As for the layout, I enjoyed it for the most part. The course was designed by Bob E. Baldock and definitely reminded me of my hometown track, Del Norte GC. Much of the course sits in an open valley with some creeks and drainage ditches cutting across to provide some hazards. Then, other parts of the course run along and up into the redwoods. Some of these holes are a little quirky (narrow angles and sharp doglegs) and the big trees are very much in play, but they sure provide a beautiful setting. With the clear skies, some frost on the ground and some fog/steam rising, everything looked eerily beautiful and I got some cool pictures.
I really liked two of the par-3s (8 and 12), which are similar in style. They both have elevated tees and play through somewhat narrow openings in the trees. 12 is a very short hole (114 yards from the blues) and 8 is a little longer (156 yards). The whole course is relatively short (par-70 topping out at 5,674 yards). It certainly played much longer with the wet conditions, though.
My favorite hole was the par-4 11th. It features an elevated tee tucked back amongst some redwoods. The gap for the drive feels extra tight (especially for a fade hitter like me). It opens up in a valley after that and then the hole goes back uphill for the approach to a green also set in a grove of trees.
I’m sure I’ll end up playing here again someday, probably in the summer so I can experience better playing conditions. For now, I am glad I finally checked it out. Depending on what time of year you are in the area (most tourists visit the redwoods in the summer anyway), it’s a solid enough course to play. Beau Pre in nearby McKinleyville is a better course and so is Baywood Golf & CC if you can access it (both are also 18-hole regulation layouts), but Eureka is a fine, friendly muni option that will give you a nice taste of golf in the redwoods.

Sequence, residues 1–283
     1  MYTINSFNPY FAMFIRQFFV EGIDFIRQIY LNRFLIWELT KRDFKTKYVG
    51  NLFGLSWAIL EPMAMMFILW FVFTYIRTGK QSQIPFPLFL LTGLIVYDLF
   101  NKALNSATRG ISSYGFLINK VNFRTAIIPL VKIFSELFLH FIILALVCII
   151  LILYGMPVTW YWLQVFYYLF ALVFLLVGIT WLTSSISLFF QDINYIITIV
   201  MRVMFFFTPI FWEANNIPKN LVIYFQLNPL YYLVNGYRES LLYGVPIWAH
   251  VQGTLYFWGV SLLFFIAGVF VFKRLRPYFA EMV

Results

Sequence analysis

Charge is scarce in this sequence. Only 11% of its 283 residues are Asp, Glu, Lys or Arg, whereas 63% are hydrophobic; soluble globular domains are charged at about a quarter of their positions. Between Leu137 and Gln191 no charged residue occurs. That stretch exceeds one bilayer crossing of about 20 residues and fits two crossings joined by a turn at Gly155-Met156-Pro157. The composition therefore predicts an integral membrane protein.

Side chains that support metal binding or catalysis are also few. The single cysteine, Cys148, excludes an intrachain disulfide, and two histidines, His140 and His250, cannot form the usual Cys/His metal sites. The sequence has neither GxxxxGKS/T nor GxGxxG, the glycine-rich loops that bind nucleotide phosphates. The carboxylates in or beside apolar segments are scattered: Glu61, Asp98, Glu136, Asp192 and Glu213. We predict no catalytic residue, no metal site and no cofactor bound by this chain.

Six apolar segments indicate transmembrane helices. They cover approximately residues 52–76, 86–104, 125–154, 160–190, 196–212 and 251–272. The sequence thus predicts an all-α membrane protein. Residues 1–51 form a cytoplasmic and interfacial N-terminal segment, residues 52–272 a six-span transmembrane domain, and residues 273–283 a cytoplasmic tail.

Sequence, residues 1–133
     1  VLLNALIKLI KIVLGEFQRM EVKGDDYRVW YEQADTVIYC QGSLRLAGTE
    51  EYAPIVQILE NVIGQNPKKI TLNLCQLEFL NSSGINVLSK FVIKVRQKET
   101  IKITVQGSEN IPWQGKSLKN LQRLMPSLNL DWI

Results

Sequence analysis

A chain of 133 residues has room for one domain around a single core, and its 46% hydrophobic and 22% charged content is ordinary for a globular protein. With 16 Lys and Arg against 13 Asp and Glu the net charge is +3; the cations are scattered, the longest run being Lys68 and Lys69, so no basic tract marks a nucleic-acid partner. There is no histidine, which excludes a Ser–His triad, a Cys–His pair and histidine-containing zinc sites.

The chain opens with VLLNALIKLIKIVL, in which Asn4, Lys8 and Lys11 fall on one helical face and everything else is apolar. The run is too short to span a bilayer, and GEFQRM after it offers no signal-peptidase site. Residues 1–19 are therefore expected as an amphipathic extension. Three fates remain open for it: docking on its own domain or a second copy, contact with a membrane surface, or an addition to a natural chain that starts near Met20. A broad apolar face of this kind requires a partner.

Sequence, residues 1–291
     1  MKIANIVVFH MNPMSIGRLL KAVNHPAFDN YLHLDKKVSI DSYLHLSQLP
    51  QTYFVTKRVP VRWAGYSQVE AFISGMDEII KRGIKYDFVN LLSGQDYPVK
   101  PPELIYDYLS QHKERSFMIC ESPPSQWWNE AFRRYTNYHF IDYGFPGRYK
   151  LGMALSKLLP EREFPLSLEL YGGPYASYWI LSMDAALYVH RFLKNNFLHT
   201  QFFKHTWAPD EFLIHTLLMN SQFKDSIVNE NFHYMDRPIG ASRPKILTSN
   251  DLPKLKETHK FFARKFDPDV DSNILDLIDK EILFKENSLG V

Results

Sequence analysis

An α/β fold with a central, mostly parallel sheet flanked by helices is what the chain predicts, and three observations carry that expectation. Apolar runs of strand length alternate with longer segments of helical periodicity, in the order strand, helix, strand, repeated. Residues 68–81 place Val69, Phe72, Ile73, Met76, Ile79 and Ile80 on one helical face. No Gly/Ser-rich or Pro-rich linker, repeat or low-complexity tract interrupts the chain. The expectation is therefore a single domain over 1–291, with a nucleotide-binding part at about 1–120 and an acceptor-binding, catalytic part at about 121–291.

Some pictures from Eureka Golf Course (12/21/16):
The timing worked out well at Eureka with no frost delays, so that gave me plenty of time to get in one of the last few stragglers in this region. By that, I mean one of the other couple of courses I still hadn’t played…
Bigfoot Golf & Country Club • Willow Creek, CA • 12/21/16
This falls into the category as one of the more entertaining names for a golf course. That said, this course is also known as Willow Creek Golf & CC, depending on where you look online. The signage at the course and the scorecard still say “Bigfoot” and that’s what I’m going to stick with because it’s awesome.
Why Bigfoot? Well, if you didn’t know, Willow Creek is one of the central places associated with the legend of sasquatch. That original grainy film footage (that is still debated as real or fake to this day) was filmed near this remote mountain town. There is a Bigfoot Museum in town, there are wood carvings and drawings everywhere, and just about every business here is named after or represents Bigfoot in some way. In fact, I was excited to finally eat a famous Bigfoot Burger at the the Early Bird restaurant. I was bummed when I showed up and they were already closed down for the holidays! There just aren’t many tourists in town this time of year.